The Ten Day Rule, or the "Honeymoon Period"
It's a good idea to keep a foster dog for at least two weeks to truly evaluate his temperament (as well as to make sure he isn't harboring any illnesses). It is not unusual for a new dog to be very quiet and timid at first. Don't be surprised if new behavior problems crop up after about 10-14 days. This is actually a welcome sign, because it means that the dog is beginning to feel relaxed and letting his true personality show. Try to withhold judgements of the dog's temperament until this initial period has passed.
Common Behavorial Problems and Solutions
- Rule out medical problems (intestinal problems, bladder infections, etc.)
- Supervise the dog constantly. Don't let him out of sight. (Use doors, gates or leash)
- Confine the dog whenever he can't be supervised (use a crate)
- Reward correct behavior: Give praise and treats when he does it right
- Feed on a set schedule. Don't just leave food in his bowl all day.
- Remove water several hours before bedtime
- Go outside on a schedule. Do not rely on the dog to tell you he needs to go.
- Go out frequently to figure out his schedule. Gradually eliminate unnecessary trips.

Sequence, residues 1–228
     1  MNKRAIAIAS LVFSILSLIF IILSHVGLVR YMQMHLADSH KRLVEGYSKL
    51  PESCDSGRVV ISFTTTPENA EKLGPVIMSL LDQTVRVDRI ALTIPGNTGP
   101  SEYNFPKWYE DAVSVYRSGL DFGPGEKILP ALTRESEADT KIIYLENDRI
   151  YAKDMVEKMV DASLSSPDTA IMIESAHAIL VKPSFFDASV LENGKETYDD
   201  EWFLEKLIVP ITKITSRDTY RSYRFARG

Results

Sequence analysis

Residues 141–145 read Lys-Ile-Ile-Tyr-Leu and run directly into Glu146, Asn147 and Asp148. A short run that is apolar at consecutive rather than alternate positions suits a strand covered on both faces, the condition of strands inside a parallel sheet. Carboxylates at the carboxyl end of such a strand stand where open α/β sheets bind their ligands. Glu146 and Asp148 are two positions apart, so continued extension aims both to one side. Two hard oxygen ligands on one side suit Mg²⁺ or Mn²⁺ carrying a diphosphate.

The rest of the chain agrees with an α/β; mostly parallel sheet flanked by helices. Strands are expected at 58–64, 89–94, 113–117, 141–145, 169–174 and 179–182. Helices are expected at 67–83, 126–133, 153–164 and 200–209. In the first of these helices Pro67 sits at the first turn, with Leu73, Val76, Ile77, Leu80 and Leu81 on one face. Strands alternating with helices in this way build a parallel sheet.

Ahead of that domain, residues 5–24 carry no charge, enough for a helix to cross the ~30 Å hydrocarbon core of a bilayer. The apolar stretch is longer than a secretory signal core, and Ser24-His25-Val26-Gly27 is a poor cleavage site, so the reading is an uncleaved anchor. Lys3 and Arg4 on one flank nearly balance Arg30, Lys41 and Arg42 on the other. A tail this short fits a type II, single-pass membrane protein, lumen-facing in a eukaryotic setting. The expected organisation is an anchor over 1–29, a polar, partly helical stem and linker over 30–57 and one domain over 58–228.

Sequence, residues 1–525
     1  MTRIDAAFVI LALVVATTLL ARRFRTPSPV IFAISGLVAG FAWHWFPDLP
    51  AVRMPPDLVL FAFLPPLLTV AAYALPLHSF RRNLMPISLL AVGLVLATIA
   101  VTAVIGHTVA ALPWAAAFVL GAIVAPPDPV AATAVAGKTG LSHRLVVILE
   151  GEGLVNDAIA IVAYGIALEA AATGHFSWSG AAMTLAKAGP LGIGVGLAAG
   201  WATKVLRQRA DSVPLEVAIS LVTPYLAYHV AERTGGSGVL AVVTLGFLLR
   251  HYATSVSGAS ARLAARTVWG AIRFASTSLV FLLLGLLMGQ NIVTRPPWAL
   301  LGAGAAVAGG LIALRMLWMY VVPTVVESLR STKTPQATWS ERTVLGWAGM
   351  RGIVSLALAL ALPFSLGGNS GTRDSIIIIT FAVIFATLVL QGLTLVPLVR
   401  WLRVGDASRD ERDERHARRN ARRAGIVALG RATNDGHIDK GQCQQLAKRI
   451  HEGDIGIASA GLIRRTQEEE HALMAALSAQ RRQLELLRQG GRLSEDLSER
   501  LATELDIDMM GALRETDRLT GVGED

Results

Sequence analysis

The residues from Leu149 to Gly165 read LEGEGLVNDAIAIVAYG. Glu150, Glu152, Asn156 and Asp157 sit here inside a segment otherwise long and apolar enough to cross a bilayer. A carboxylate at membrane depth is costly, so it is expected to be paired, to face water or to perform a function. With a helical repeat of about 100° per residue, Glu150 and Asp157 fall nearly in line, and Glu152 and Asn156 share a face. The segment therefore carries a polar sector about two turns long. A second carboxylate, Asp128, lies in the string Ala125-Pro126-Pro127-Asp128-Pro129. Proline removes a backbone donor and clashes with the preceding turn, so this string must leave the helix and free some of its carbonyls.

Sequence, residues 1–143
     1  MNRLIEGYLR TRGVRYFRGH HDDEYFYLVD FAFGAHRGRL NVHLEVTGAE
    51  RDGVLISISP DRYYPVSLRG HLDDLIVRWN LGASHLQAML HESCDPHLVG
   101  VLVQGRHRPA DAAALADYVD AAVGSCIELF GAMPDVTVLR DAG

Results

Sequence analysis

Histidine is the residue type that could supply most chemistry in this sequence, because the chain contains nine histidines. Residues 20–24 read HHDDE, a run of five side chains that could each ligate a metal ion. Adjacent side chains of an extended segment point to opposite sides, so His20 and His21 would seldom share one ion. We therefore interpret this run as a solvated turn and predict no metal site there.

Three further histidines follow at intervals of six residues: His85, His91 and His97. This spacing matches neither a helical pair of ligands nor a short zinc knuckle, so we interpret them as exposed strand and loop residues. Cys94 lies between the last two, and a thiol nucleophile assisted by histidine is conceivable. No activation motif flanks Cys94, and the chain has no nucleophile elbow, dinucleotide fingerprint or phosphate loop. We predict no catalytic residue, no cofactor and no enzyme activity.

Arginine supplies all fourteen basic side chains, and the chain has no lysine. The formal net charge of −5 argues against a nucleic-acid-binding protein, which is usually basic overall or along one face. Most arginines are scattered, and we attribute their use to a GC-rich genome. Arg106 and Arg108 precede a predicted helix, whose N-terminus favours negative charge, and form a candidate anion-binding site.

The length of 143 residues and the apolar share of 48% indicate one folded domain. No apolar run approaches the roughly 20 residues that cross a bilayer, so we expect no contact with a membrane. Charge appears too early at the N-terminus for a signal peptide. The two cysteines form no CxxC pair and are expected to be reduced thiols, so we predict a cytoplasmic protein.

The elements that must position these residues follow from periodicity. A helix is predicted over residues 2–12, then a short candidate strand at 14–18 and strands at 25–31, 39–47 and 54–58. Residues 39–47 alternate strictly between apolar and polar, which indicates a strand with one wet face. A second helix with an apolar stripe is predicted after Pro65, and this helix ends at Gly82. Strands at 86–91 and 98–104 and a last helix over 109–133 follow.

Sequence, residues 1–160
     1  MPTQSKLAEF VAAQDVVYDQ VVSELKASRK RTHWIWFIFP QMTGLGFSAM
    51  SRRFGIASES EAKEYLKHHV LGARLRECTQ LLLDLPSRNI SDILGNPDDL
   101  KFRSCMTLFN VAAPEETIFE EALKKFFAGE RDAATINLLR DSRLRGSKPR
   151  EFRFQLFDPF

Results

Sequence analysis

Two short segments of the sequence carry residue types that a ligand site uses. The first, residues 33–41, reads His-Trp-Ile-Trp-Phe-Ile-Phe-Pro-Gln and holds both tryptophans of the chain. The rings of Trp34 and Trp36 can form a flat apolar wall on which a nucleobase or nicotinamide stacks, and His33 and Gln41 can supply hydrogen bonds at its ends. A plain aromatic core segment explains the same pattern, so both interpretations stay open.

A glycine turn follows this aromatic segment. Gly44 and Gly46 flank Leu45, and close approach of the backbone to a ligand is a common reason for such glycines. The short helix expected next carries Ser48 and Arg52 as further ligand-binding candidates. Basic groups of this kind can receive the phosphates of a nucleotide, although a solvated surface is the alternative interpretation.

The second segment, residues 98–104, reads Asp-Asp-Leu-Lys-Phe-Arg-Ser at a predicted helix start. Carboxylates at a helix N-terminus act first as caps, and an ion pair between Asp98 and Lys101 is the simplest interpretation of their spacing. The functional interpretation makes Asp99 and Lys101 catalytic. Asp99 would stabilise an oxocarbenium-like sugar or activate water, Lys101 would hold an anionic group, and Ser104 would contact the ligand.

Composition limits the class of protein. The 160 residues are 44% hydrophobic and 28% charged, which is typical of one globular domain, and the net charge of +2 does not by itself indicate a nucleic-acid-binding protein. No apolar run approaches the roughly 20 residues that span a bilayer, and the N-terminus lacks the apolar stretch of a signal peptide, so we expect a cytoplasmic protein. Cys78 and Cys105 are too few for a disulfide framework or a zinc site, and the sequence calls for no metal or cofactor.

- Watch for signs like circling, sniffing, and whining.
- Interrupt the dog if you see him start to go (clap hands, "no, outside!")
- If it's too late, don't punish. The dog probably won't make the connection.
- Clean with enzymatic cleaner to remove odor.
- Neuter the dog
- Keep the dog on a leash tethered to your waist
- Interrupt the dog as he starts to lift his leg
- Crate the dog when you cannot watch him
- Tie a towel or "bellyband" around his waist to catch any leaks
- Spray any marked areas with an enzymatic cleaner
- Supervise the dog constantly
- Confine the dog whenever he can't be supervised (use a crate)
- Use a bitter tasting spray (found at pet supply stores) on inappropriate items
- Puppyproof the house. If you leave your socks on the floor and the dog chews them, whose fault is that?
Dogs bark for different reasons. If the reason is...
- Boredom: Provide exercise and mental stimulation. Teach games like "find it" and provide challenging, food-dispensing toys like buster cubes and kongs.
- Loneliness: Bring the dog into the house with you
- Separation anxiety: Gradually teach the dog to tolerate being alone for longer periods
- To get attention: Ignore the dog. Reward quiet behavior.
- Stress: Ignoring won't work if dog is barking to relieve stress. Refocus the dog with obedience commands (sit, down, watch me, etc.) or move away from the source of stress.
- Guarding the neighborhood: If you can't supervise the dog to correct the behavior, confine him in a quiet area away from windows and doors so he won't be overstimulated by everything going on outside.